How exactly was our moon formed? This question has puzzled many scientists for several years, as since the 1970s astronomers suspected that the moon It arose when a giant protoplanet called Theia struck Earth, however, the nature of this collision and what happened right after it was discussed.
According to the British newspaper “Daily Mail”, some scientists believe that the collision created a vast cloud of debris, which over time merged with the moon, however, in a new study, researchers at Durham University said that the giant collision immediately put the moon into orbit around the Earth.
“This training path could help explain the similarity in isotopic composition between the moon rocks reported by the Apollo astronauts and the Earth’s mantle,” said study co-author Vincent Ike, further determining the type of collision that occurred.
The researcher explained: “About 4.45 billion years ago, 150 million years after the formation of the solar system, the Earth was hit by a Mars-sized object called Theia.”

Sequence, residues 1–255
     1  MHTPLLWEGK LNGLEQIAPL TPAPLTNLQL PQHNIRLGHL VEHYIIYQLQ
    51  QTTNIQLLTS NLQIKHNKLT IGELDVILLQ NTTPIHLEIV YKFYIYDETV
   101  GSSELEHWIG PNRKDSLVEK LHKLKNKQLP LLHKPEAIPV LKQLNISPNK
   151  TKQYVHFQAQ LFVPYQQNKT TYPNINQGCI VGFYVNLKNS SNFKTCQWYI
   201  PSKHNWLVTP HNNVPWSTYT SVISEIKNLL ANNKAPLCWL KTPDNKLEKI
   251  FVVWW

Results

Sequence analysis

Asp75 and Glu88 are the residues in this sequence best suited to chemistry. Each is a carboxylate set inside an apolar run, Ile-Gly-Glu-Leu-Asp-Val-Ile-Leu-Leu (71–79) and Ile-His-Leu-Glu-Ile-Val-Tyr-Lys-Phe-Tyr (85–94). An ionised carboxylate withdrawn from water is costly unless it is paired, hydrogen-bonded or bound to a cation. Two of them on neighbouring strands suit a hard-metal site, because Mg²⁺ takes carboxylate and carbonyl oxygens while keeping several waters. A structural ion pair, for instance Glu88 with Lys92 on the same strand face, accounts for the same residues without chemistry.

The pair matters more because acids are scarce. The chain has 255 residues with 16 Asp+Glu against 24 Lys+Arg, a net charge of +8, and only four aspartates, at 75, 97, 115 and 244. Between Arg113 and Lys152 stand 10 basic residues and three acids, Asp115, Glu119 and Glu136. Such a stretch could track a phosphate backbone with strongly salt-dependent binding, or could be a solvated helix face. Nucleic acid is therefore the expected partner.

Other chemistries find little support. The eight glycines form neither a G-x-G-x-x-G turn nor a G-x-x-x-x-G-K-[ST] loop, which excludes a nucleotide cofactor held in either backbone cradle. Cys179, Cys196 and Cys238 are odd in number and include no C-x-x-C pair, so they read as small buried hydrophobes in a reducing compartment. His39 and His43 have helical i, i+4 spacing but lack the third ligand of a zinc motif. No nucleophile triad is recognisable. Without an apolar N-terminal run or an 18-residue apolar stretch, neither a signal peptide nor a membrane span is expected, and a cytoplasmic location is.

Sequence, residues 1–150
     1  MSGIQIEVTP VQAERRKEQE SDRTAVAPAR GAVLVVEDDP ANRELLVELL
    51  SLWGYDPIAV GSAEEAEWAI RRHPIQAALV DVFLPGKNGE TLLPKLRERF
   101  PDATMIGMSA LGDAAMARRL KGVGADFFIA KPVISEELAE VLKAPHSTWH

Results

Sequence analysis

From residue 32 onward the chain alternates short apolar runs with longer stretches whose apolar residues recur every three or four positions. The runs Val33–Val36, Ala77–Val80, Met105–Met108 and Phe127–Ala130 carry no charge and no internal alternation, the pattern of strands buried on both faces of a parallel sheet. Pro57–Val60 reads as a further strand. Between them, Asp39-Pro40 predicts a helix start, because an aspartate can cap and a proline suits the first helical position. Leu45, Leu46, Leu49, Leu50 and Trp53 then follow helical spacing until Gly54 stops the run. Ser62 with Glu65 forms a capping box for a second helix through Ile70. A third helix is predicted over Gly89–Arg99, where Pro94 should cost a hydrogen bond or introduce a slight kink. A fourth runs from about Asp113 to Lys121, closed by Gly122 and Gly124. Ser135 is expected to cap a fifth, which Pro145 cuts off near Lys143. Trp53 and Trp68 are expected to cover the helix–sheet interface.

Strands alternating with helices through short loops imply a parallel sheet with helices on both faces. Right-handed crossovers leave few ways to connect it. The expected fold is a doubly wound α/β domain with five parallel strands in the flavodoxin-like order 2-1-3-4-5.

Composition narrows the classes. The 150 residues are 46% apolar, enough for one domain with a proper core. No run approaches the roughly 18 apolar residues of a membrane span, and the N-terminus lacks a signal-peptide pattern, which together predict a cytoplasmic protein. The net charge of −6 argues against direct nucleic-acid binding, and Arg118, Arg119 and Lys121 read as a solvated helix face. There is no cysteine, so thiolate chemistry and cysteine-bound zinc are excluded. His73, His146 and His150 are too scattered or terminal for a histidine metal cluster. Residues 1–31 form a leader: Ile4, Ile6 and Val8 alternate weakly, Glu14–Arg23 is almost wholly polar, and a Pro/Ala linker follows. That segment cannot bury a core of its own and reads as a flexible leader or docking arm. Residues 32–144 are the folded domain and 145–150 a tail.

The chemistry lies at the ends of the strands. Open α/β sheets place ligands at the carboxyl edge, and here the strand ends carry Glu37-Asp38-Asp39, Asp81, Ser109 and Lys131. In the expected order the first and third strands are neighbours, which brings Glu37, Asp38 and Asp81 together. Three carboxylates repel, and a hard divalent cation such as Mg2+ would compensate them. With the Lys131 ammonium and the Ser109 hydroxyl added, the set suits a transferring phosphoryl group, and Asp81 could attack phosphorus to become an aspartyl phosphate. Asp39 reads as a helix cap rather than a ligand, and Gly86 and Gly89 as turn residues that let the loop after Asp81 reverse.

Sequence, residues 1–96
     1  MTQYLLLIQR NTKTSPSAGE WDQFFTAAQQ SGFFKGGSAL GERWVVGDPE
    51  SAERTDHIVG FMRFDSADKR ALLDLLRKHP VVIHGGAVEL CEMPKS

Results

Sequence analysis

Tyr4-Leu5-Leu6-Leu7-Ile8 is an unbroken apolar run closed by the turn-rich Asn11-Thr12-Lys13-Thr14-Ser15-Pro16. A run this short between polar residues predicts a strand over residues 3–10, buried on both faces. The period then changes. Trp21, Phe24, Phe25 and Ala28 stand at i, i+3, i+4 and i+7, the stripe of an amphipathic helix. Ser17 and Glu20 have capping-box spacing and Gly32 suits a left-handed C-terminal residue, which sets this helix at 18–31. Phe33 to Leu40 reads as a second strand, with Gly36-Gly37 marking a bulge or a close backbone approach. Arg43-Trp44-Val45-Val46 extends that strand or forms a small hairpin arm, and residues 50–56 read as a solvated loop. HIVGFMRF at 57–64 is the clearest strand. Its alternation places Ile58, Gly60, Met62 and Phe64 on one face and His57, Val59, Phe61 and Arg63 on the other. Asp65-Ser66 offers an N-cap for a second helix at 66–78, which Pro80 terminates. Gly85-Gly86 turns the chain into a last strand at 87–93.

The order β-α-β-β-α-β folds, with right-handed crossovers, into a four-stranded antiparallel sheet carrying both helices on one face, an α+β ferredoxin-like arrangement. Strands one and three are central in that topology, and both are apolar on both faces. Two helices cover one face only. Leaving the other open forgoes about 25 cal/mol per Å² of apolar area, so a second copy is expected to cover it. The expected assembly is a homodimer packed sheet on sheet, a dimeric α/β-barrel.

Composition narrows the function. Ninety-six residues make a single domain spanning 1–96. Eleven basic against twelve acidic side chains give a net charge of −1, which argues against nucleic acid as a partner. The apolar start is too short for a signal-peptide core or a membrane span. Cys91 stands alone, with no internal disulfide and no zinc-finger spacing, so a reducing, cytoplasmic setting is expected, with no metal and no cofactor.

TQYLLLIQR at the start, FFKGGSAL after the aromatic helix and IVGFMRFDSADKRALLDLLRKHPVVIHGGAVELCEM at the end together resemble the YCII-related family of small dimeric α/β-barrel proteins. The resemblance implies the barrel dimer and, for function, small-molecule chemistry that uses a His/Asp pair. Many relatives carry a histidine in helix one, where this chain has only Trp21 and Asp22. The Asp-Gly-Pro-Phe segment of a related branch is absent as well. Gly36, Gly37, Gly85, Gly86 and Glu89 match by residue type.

The collision also led to the formation of the Moon, but controversy rages over what exactly happened during this event and the question of why the Moon and Earth are similar in composition remains a mystery.
The researchers decided to definitively explain the origin story of the moon in the study, as the team used the open source SWIFT simulation code, running on the DiRAC Memory Intensive (“COSMA”) service, to create the simplest supercomputer simulation. detailed to date.
This allowed them to simulate hundreds of different impacts, varying the angle and speed of the collision, as well as the masses and rotations of the two colliding objects.
While previous studies used low-resolution simulations, the additional computing power revealed important new aspects: for example, the high-resolution simulations only produced a moon-like moon, and further details showed that its outer layers were richer. of material of terrestrial origin.
If a large portion of the Moon formed soon after the giant’s impact, it could mean that less material melted during the formation than previously thought, and depending on how this molten rock solidified, these theories should predict the various internal structures of the Moon.